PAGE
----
• In analyzing the fourth factor, our hypothetical publisher likely would argue that a database inflicts no harm on the market for the existing works it uses: collecting the existing works for internal use in the database does not really affect the copyright owner’s ability to license the works for display, performances or other potentially protected and creative uses. This is especially true if the database doesn’t ever show the underlying works to its users. Beyond that, analysis of the fourth factor might depend on a variety of variables: Is the database available to third-party users who then have to subscribe or otherwise pay to use it? Is it advertising-supported? Is it restricted to non-commercial uses or available/intended for commercial uses as well? A more commercial model would weigh against fair use, but might still in the end be outweighed by the transformativeness of this technology.

Using Existing Works’ Protectable Elements in New, AI-Generated Works

Our hypothetical database also faces copyright risk when it spits out the new works based on its analysis. There’s a chance these new works could accidentally contain similar elements of protectable expression as some of the existing works the database imports at the start – for example, maybe a new, AI-generated young adult novel contains a few sentences that strongly resemble a passage from Harry Potter and the Chamber of Secrets. In that case, the fair use argument may be weaker and would depend on the particular circumstances (like how much of the existing work is alleged to have been taken, how similar the two passages are, and how that portion/element/aspect is alleged to have been used in the new work). But fair use still would be a viable defense, and we can make some general observations:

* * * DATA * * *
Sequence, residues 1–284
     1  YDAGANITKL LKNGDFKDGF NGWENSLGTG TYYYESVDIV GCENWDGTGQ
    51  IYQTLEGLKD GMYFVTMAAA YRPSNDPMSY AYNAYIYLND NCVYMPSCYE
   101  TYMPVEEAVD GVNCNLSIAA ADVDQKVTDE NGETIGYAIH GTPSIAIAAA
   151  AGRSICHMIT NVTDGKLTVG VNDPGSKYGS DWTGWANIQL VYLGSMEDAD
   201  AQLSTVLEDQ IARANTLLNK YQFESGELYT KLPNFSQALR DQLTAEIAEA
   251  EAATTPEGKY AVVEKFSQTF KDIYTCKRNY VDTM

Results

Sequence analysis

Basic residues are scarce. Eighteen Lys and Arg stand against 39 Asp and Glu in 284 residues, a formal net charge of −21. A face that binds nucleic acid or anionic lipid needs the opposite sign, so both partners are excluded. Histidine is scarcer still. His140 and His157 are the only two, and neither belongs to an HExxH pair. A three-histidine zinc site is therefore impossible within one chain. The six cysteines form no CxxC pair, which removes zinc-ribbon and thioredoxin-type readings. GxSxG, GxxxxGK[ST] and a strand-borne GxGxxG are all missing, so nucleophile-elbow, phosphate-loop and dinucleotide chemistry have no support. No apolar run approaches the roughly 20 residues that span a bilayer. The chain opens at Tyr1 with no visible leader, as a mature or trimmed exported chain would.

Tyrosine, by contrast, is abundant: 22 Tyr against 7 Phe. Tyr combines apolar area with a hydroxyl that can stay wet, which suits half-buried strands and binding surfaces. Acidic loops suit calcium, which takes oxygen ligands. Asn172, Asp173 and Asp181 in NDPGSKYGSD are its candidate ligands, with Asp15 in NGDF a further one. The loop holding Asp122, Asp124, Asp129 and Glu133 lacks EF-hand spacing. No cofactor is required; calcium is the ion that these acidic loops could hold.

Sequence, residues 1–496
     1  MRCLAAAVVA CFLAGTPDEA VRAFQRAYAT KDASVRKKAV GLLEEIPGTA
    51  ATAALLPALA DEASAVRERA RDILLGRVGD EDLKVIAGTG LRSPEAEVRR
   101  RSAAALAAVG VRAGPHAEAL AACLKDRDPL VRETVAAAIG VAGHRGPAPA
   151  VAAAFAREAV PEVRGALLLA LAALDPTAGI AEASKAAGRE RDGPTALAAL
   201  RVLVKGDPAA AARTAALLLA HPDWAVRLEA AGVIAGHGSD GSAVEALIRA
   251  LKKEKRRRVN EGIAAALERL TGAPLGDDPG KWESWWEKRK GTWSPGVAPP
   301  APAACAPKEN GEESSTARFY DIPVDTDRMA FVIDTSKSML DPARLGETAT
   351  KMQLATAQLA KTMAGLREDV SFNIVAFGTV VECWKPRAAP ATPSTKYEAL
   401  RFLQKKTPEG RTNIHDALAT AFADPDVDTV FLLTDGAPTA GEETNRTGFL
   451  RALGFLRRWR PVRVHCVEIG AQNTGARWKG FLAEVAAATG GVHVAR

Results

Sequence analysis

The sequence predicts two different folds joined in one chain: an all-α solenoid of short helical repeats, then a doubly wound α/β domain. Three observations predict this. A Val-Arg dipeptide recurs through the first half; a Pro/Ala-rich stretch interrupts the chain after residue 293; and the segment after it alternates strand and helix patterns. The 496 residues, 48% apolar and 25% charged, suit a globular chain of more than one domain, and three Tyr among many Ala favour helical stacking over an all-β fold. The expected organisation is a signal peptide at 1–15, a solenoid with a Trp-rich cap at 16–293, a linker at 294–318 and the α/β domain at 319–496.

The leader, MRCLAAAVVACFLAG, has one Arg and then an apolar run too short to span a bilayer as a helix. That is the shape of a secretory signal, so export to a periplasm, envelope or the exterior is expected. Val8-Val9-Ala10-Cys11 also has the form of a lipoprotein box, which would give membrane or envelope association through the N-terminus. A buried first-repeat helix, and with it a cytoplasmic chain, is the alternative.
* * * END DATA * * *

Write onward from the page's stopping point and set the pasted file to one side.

• A court’s analysis of the first and second factors would consider many of the same points described above with respect to the ingestion phase. The hypothetical database’s use of the existing works would be highly transformative, presumably breaking down thousands or even hundreds of thousands of existing works to analyze selected components and create entirely new content not based off any specific existing work. This factor would weigh even more heavily in favor of the AI creator if third-party users could access the software and create new content at no charge, though a fee would not ruin the AI creator’s fair use defense. A court might find the second factor weighed in the AI creator’s favor where the existing works used by the database were published before and/or factual.
  • Factor three weighs even more heavily in favor of fair use at this second risk point. Unlike ingesting existing works into our hypothetical AI database, creating new content would likely mean that only a miniscule amount of any one existing work’s protectable content overlaps with the new work, strongly supporting fair use.
  • In analyzing the fourth factor, our hypothetical publisher could argue persuasively that the newly created work doesn’t harm the market for the existing works: collecting them for the database doesn’t hurt the market to license the works for performances or other creative uses. This especially is true when the overlapping protectable expression between the pre-existing and new works is minimal. And like the other factors, a court’s analysis of the fourth factor may also be influenced by whether the AI creator or publisher chooses to provide the AI and new works for free or at a cost to users.

On the whole, fair use provides a significant defense to copyright lawsuits arising from the AI’s creation of new works. That’s not to say that companies can be certain the defense is strong, though, as courts are notoriously hard to predict on their interpretations of fair use. And sometimes, the law creates new rights, like sync licensing – or protections, like the Sony Betamax case – as tech moves forward. If you want to train AI to create the next Starry Night or Harry Potter series, proceed with caution and keep an eye on the courts.